As a demonstration of his commitment, two years ago he bought a 50 percent interest in a Baja winery called Mariatinto, whose wine is a blend of Tempranillo, Barbera, Syrah, Merlot, and Cabernet Sauvignon. The first vintage sold out in Mexico, so there isn't much to go around in his restaurants. Based on a single tasting, I can say that it's a big, ripe, brawny red--definitely a food wine.
Pumping helium into a company as quickly as Sandoval carries certain risks. "Do you worry about losing control as the company expands?" I ask him.
"That's always a worry," he answers. "That's why I just hired a CEO to take care of all of the business stuff. I can't focus on the food if I'm running around looking at real estate leases."
"I'm a chef; I love to cook," he adds, apologizing as he answers his cell phone.
"So when do you have time to work on new recipes?" I ask.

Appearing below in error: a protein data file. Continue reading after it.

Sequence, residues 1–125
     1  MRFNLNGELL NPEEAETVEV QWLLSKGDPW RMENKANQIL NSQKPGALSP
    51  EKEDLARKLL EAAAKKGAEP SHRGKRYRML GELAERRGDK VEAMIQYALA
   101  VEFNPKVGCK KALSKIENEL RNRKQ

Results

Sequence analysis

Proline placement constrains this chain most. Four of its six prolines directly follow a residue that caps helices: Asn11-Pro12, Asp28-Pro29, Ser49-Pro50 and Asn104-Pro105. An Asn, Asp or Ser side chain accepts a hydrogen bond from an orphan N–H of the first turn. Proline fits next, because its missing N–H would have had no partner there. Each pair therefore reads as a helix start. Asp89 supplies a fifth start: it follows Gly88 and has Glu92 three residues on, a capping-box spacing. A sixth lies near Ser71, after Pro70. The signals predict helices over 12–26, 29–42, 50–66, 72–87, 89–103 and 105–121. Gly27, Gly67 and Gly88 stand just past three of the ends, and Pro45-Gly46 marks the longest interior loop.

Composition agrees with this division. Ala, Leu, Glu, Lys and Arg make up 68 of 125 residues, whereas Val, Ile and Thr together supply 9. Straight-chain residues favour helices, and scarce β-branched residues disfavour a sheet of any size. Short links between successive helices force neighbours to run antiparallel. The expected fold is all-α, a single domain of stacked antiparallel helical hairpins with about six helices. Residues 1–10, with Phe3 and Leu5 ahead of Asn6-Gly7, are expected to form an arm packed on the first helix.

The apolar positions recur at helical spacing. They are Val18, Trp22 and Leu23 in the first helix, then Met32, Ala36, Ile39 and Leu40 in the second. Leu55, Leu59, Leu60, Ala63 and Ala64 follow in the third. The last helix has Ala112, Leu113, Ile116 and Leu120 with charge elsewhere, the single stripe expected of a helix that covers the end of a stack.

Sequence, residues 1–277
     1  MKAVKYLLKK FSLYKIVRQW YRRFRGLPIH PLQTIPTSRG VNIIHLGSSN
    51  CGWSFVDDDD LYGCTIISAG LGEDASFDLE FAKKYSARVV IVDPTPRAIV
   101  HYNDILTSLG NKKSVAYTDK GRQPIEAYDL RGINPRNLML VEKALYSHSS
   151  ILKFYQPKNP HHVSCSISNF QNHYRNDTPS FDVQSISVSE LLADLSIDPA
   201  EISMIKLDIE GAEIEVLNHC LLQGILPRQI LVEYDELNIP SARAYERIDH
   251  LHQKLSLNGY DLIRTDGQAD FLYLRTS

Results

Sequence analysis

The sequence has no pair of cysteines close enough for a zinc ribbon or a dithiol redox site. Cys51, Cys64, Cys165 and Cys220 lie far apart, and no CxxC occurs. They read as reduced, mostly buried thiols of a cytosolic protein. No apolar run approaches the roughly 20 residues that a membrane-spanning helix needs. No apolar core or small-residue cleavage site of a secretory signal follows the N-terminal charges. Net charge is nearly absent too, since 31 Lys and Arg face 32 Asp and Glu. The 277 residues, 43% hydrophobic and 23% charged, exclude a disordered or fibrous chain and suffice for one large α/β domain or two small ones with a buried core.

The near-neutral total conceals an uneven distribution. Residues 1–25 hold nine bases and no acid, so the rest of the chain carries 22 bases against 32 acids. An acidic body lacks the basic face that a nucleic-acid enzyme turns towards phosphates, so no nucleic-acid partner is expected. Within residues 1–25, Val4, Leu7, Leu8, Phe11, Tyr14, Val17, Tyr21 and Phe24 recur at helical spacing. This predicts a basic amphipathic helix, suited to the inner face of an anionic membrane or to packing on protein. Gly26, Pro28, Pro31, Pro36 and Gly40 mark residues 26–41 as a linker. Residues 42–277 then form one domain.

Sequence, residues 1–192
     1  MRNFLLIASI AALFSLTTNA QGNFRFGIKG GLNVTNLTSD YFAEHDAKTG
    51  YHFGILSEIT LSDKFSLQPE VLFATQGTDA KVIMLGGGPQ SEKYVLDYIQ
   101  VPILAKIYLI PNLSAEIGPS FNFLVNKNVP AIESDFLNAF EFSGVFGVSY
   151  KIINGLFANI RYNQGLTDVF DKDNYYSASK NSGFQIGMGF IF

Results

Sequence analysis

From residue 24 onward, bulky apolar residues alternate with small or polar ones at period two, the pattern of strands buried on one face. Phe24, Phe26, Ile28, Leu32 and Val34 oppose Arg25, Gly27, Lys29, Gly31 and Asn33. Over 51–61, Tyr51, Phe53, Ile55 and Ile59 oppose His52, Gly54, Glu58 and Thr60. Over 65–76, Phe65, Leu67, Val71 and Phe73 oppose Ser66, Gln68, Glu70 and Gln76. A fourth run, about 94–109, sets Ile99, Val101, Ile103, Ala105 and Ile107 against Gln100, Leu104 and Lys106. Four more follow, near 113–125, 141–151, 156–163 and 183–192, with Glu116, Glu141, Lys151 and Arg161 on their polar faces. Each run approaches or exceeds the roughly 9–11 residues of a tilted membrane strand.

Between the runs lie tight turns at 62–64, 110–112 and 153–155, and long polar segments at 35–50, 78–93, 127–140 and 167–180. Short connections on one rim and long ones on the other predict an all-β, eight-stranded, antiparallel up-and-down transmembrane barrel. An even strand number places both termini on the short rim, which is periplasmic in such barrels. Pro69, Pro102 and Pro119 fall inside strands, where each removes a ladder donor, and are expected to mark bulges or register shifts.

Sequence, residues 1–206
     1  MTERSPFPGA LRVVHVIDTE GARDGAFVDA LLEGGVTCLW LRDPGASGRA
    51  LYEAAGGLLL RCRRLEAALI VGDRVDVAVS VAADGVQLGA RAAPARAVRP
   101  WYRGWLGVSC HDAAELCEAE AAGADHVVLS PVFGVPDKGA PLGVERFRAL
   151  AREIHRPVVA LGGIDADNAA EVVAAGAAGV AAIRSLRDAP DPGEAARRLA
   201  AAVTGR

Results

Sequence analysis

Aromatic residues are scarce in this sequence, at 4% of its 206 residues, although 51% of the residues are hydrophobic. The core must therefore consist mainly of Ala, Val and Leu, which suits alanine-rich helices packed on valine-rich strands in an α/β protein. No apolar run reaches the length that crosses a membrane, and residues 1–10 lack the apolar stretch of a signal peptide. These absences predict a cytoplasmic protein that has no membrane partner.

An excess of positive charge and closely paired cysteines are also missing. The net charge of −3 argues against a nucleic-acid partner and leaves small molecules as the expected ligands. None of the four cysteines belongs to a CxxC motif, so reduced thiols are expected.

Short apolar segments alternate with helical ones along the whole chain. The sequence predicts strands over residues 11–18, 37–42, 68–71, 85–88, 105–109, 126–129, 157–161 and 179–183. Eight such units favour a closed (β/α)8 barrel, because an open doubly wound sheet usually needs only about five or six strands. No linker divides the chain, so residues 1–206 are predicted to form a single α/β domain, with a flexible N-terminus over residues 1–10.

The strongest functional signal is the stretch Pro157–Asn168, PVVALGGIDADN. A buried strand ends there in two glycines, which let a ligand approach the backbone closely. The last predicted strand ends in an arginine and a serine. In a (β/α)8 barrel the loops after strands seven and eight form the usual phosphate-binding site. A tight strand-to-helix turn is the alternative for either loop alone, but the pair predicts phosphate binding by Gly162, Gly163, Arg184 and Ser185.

"I mostly think about food on the airplane, as crazy-ass as that sounds," he laughs. "I start thinking about an ingredient or ingredients and start putting things together in my head. Believe it or not, I can even smell the dish as I create it."
I don't think I've ever met a big-time, entrepreneurial chef who has not remarked that, in an ideal world, he or she would love to go back to cooking full-time in a highly personal restaurant. This may merely be part of the PR shtick, I don't know.
"I'd love to have a little place, maybe 60 seats, where we could do great modern Mexican cooking," Sandoval muses. "But then, you do what you have to do to pay the bills."
Clearly, he is very excited about La Sandia shopping mall cafes.
"So, do you think you're going to be the Wolfgang Puck of the guacamole set?" I ask.
"Naaaaaah," he demurs, stroking his goatee. "Actually, I think La Sandia is going to be the last new concept."
I nod knowingly.
"But there are still a lot of good ideas out there, aren't there?" I suggest.
"Well, I was thinking…a Mexican steakhouse could be really interesting."